03/07/2019

Caesarea, Israel

By Dora Dmitriev

Caesarea Harbor view

Situated on Israel’s Mediterranean coast, Caesarea is a town known for Caesarea National Park. About an hour drive north from Tel Aviv, you can experience the archaeological park complete with a Roman amphitheater, hippodrome, pillars, and frescoes.

Columns and Upper palace floor

Hallway mosaic tile

Fountain mosaic tile

First prosperous during the Hellenistic period, Caesarea was a Phoenician settlement ruled by Herod the Great who was awarded the site in 30 BC. He named the settlement after his patron, Augustus Caesar, and spent 12 years building the impressive port city. At the time of Herod’s death, Caesarea Maritima had 50,000 residents and became the capital of the Roman province of Judea (Iudaea).

Hellenistic style sculptures

Salvaged part of a Cornice

Layers of sediment with traces of pottery, mosaics, and stone

In AD 66-70, Caesarea was the site of religious riots that sparked the First Jewish- Roman War in which the Jews lost to the Romans and were expelled from Jerusalem. The city was conquered by the Arabs in AD 640 and fell into disorder. 

Remaining arch structures and walls

Water well

In 1101 the Crusaders under Baldwin I took Caesarea from the Muslims. The city changed hands between the Crusaders and the Muslims four times until King Louis IX of France captured it in 1251 and added most of the fortifications seen there today.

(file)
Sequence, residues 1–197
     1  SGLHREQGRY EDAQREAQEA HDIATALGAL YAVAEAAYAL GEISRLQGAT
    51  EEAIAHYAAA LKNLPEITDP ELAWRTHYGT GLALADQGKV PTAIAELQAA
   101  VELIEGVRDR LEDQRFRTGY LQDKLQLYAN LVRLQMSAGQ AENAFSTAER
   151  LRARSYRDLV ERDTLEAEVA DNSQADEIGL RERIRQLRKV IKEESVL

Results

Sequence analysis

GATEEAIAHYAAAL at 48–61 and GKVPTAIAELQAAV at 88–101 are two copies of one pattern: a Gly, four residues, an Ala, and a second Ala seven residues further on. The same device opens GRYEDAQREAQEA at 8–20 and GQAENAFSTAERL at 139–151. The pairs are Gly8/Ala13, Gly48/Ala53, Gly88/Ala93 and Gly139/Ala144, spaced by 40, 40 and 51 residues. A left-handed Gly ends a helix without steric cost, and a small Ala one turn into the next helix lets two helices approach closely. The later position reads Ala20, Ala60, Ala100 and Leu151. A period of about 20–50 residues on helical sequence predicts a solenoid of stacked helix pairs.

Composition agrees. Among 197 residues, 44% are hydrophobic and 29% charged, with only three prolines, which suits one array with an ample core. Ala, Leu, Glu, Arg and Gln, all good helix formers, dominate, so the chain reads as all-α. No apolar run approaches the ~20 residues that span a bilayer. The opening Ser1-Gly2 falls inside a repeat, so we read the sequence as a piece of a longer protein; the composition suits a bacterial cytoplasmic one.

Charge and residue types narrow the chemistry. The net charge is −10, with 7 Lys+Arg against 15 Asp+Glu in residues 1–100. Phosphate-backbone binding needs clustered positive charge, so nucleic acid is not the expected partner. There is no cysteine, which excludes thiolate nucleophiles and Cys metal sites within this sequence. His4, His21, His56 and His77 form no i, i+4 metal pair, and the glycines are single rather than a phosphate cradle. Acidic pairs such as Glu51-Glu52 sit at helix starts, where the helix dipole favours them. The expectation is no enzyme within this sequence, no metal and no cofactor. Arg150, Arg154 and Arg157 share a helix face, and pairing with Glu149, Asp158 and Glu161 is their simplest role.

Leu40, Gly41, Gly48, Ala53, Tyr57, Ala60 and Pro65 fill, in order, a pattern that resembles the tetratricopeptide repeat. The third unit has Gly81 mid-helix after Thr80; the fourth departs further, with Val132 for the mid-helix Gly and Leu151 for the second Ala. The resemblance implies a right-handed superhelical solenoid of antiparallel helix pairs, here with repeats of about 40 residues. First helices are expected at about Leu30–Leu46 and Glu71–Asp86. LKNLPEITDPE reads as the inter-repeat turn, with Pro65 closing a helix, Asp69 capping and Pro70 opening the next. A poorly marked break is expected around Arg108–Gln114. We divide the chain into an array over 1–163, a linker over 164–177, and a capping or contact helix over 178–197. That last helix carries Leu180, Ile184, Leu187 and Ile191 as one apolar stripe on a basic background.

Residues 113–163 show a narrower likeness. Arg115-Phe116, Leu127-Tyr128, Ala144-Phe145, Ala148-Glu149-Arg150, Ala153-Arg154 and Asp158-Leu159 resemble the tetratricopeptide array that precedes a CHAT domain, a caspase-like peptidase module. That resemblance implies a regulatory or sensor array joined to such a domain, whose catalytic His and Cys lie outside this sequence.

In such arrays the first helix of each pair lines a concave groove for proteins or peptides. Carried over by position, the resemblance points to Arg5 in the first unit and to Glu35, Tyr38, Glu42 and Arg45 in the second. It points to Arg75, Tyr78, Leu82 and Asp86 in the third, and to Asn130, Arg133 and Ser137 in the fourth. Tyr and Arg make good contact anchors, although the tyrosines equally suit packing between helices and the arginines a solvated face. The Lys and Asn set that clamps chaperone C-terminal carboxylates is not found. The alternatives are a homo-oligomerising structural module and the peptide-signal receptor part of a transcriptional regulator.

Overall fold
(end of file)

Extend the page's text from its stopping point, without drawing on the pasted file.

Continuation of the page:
Remnants of fortifications

Roman amphitheater

Remnants of Corinthian columns

The city’s defenses didn’t stand up to the Mamluk sultan Beybars, who in 1265 broke through the Crusader fortifications and devastated the city. The ruins sat untouched until Muslim refugees from Bosnia fled from the Austrian conquest of their homeland and settled here by the Turks. The harbor of Caesarea is home to a mosque and minaret that date back to this period. 

Minaret 

This large harbor was one of the technological marvels of the ancient world and helped make Caesarea a major port for trade between the Roman Empire and Asia. This was the first harbor built entirely in the open sea with no protection from a peninsula or nearby bay.

Seafront Promontory Palace

Peristyle Courtyard with an amazing backdrop 

Caesarea is definitely worth the drive from Tel Aviv. Only here you can see a preserved palace foundation in the ocean and a Roman amphitheater in Israel.